The group decided on one central location to park the vehicles. Trip would be a loop style hike, with a small dogleg out and back walk. We would be out for 7 days and 6 nights. Our campsite selections would give the more energetic parties an option for some peakbagging out of a base camp. We would also be using basic land navigation skills as some of the sections would be off trail in remote and fragile places in the Olympic National Park interior.

Weather forecast had us sunny the first day, then turning into wet conditions with thunderstorms and early autumn temperatures in the alpine. It was a good thing I warned everyone during planning that the Olympic Mountains can turn from fair weather to early winter type conditions overnight. I have a motto here - plan for worst conditions, but hope for the best.





three forks trail
Starting our 7 day loop walk into the Olympic Mountains.





Olympic Mountains - Google Earth

  The internet can be a fun place to daydream about backpacking in the Olympic Mountains; especially during the winter months.  Thought I would share some Google Earth 'hacks/plug-ins' to make your mind endlessly wander the alpine regions of the Park.   These tools are for educational and planning purposes; not to be trusted for off trail land navigation.  Stumbled upon these through surfing the web and/or sent to me by reader.



.kml Google Earth Plug-Ins:




Google Earth Topo
Location of Google Earth topographical overlay, after plug-in download is complete. 





North Olympic Coast tasted in Winter

Spent 3 days on the coast during the month of February 2014. It was very wet conditions and even a day of moderate winds; as the tail end of none stop winter storms pushed though that have been hammering the Olympic Peninsula. Captured this image, before the next 48 hour storm moved through the area. Did'nt take out my good camera much after that.

The snow line dropped near sea level elsewhere in most of the northern regions of the state of Washington, but we received nothing but heavy rains and cold temperatures in camp.   Most of the day was spent gathering wood; to keep the beach fire hot enough to stay alive, in these hyperthermic type conditions.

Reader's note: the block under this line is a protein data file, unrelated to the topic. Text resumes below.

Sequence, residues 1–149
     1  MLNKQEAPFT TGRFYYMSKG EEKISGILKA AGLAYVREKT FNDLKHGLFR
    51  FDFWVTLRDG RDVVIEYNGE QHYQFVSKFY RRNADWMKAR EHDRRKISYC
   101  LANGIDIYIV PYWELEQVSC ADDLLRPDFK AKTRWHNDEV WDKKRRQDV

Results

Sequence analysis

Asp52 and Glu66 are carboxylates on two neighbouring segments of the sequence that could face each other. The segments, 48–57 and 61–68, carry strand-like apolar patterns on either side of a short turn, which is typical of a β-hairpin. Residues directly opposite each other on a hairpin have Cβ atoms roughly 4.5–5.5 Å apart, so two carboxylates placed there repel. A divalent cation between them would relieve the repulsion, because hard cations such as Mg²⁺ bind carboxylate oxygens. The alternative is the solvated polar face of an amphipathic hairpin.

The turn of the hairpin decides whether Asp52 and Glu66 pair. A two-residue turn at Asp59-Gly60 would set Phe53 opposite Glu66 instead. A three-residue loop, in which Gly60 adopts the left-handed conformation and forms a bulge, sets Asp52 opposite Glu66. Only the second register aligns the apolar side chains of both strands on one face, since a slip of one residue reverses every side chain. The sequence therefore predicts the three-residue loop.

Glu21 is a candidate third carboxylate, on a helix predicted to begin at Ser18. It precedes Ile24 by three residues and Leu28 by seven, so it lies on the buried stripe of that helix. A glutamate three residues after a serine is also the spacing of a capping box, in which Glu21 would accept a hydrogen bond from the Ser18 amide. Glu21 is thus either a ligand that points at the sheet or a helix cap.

Olympic sunset
Seeing things in a different light. 




Hiking Healing - Walking through the Seasons

Read beginning of story.

Spent a few weeks sitting on my butt to rest my right ankle and arch that was injured during the fall. Foot yoga and epsom salt baths were performed several times daily, in attempt to heal the body. Replaying the event in my mind led to countless sleepless nights. It seemed I was having issues digesting the whole rescue event. Within that time period I also isolated myself for weeks at the farm. Decided that this was not healthy behavior, so I jumped on a bus and spent time with family.

Once back in Port Angeles a few weeks later, I was itching to get back into the Olympic Mountains; which I love so much. Not being able to walk in the Park was more difficult that going through a separation from any relationship. This was a time that the internet kept me from going completely crazy. The ability to travel virtually into the mountains allowed me to hold on to sanity.

My friend Torry helped get me out of my slump once I was able to walk again. Duct Tape and Super Glue allowed me to patch the external issues giving the ability to keep dirt out of my wounds. We went on a series of day hikes during the month of August.





high divide trail
Hiking on the High Divide.  



Hurricane Ridge Webcam Labeling

  The Hurricane Ridge Webcam is a good modern resource to keep an eye on the Olympic National Park interior.  I often view this on the internet to monitor snowpack, weather patterns or even just to daydream about being out there; during the winter months.  Its amazing how with one click, you can visually transported to your favorite area.  Think we are pretty spoiled this day and age, to have this option.  I don't know how many web visitors these National Park cameras get daily, but I'm sure more hairs than on the head.

  What are you actually looking at?  Most of what you see is actually a section of the Bailey Range.  A series of mountains that run almost the entire length of the Park, from north to south; crecenting Mount Olympus, which sits to the west or behind the range.

Admit it!  How much do you look at this webcam?




hurricane ridge webcam
Labeling the Hurricane Ridge Webcam.  

Donations

  The time has come for this site to think about generating a source of income.  There is an gap of 8 to 24 hours of editing time for you to see each blog post.  This adds up to endless hours of sitting in front of a computer, drinking pots of coffee to keep the content flowing to you; the reader.  I do not get paid a cent for doing this.  In the last two years, I have made a real effort in being a full time adventure.  Living very minimally, in order to be in the backcountry much as possible.  There a lot that goes on in my life that isn't seen on this website.  I try to look at it positively, so that I can continue to live my personal dream of hiking year around.  Its hard and I hate to admit this,  but money needs to come from somewhere.  Nothing in life is free.